Although Americans, by and large, may seem unconcerned about their eroding civil right to privacy and freedom from warrantless searches, a growing number of people are striking back through legal channels.
Every day, without our knowledge or consent, data uploaded by willing consumers to hosting websites are being sold down the river – or stolen – by third-party interests. Consumer data harvested this way is used to target the person who provided the information inventory in the first place with directed marketing advertising.
Not only is this practice offensive to many people, it is a clear violation of privacy laws. The Federal Trade Commission (FTC) agreed and, on July 2019, fined Facebook an unprecedented $5 billion fine for privacy violations related to Cambridge Analytica’s allegedly covert data theft:
“Facebook, Inc. will pay a record-breaking $5 billion penalty, and submit to new restrictions and a modified corporate structure that will hold the company accountable for the decisions it makes about its users’ privacy, to settle Federal Trade Commission charges that the company violated a 2012 FTC order by deceiving users about their ability to control the privacy of their personal information.” [emphasis added]
Joe Simons, FTC Chairman, commented on how voluntary compliance is not working at Facebook:
“Despite repeated promises to its billions of users worldwide that they could control how their personal information is shared, Facebook undermined consumers’ choices. The magnitude of the $5 billion penalty and sweeping conduct relief are unprecedented in the history of the FTC.”
The goal of the FTC fine is to hurt Facebook in the wallet enough to persuade the global online dominator to change its evil ways:
“The relief is designed not only to punish future violations but, more importantly, to change Facebook’s entire privacy culture to decrease the likelihood of continued violations. The Commission takes consumer privacy seriously, and will enforce FTC orders to the fullest extent of the law.”
Facebook just keeps rolling along, though, despite many legal losses.
Last week, on August 8, 2019, a federal appeals court denied Facebook corporate’s attempt to shelve a facial recognition class action lawsuit that claims the social media giant “illegally collected and stored biometric data for millions of users without their consent.”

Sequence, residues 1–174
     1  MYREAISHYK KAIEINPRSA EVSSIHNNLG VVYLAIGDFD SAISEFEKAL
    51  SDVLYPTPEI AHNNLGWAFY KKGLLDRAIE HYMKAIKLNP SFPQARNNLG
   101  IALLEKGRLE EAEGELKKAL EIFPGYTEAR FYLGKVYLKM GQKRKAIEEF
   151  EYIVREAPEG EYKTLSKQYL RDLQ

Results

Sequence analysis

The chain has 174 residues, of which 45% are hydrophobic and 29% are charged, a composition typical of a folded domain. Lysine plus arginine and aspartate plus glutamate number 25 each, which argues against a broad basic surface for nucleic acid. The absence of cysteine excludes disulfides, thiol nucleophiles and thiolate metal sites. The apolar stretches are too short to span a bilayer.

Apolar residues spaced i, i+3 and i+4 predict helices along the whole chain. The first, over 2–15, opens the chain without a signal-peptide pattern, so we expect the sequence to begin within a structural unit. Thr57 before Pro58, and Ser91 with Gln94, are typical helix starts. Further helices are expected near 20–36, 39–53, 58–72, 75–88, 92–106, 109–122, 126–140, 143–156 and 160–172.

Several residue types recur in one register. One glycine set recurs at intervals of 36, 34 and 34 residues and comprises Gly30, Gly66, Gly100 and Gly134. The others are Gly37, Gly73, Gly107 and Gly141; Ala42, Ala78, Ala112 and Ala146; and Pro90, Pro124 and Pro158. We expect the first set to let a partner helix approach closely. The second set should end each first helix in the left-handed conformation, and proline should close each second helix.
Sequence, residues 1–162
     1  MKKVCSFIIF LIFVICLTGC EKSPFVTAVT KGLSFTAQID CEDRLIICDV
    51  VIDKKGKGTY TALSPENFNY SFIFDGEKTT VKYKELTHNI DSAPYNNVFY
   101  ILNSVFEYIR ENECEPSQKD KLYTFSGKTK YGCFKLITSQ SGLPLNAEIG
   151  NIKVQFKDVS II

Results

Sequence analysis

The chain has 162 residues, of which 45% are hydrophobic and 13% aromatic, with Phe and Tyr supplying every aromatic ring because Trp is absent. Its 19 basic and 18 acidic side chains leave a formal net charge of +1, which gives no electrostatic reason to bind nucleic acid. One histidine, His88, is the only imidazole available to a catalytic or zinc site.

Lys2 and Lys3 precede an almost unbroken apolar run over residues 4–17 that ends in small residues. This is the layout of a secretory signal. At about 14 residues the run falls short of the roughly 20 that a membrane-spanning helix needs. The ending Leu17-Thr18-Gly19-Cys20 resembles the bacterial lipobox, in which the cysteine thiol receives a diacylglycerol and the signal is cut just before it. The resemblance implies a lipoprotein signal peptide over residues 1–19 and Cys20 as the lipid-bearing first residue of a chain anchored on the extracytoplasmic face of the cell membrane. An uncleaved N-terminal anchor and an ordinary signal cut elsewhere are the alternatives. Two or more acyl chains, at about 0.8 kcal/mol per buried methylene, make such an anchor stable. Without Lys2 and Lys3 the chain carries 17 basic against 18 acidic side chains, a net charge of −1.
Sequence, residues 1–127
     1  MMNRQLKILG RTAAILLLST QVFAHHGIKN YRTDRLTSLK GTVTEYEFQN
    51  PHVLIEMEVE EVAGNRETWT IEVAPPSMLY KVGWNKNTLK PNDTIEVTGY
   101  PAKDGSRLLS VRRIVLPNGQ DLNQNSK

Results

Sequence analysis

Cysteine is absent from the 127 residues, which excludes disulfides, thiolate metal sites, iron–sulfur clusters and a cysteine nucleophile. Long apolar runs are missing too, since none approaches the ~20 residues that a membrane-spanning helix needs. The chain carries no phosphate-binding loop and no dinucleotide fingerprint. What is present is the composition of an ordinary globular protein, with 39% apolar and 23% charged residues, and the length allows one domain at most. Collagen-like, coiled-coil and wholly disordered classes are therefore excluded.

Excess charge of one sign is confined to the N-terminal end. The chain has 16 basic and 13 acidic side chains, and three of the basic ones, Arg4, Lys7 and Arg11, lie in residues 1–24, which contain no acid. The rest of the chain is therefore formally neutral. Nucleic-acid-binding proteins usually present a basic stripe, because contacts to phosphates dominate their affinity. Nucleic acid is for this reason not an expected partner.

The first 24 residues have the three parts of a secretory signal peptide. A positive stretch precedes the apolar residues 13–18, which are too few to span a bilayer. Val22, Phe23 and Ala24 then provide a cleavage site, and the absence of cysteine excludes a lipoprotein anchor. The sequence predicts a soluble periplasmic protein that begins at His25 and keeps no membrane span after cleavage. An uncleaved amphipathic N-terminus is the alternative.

The suit was brought by Illinois users who now have the green light to pursue privacy justice, to the tune of billions of dollars in damages, potentially. Attorney Shawn Williams, representing the plaintiffs, said:
“This biometric data is so sensitive that if it is compromised, there is simply no recourse. It’s not like a Social Security card or credit card number where you can change the number. You can’t change your face.”
Facebook will continue to appeal, stating:
“We have always disclosed our use of face recognition technology and that people can turn it on or off at any time.”
[For the record, this writer has had a Facebook account for years and was not aware until researching this article that the company was exploiting biometric data as well as text and images.]
In 2015, the group of Illinois Facebook users claimed that the company’s action of gathering their personal biometric information and storing it violates a state law passed in 2008 called the Biometric Information Privacy Act.
Circuit Judge Sandra Ikuta noted in her written decision that the Illinois law was passed to safeguard the “concrete interests in privacy” for all residents and shot down Facebook’s legal argument that each user’s claims were unique and therefore necessitated individual lawsuits rather than a class action.
The case now returns to its roots in San Francisco, California, where U.S. District Judge James Donato certified a class action in April 2018. A trial date has not yet been set.
The cash penalties mandated by the Illinois biometric privacy law are $1,000 for each negligent violation and $5,000 for each intentional or reckless violation. The class in this action could add up to 7 million Facebook users. That amounts to $7-35 billion.
The FTC says that Facebook daily users number more than 185 million in the U.S. and Canada. The company monetizes user information through targeted advertising which accounted for most of the $55.8 billion in corporate 2018 revenues. Facebook lures users into sharing their private information by misstating that users can control the privacy of their own information through account privacy settings.
The FTC imposed a 20-year settlement order on Facebook which changes the way the company makes privacy decisions through more transparent decision-making. The company will be held accountable by means of overlapping channels of compliance.
This is a good start and shows that not every American is asleep with their eyes wide open. Hats off to the Illinois Facebook users who are crying Shenanigans on data theft and slack privacy online.
Will the pending class action lawsuit will be the small pebble that creates a huge avalanche of public outcry against callous, unkind, and uncaring corporate megalomaniacs who view their customers as prey?
Privacy advocates have their fingers crossed that the tide of public apathy over individual privacy is turning.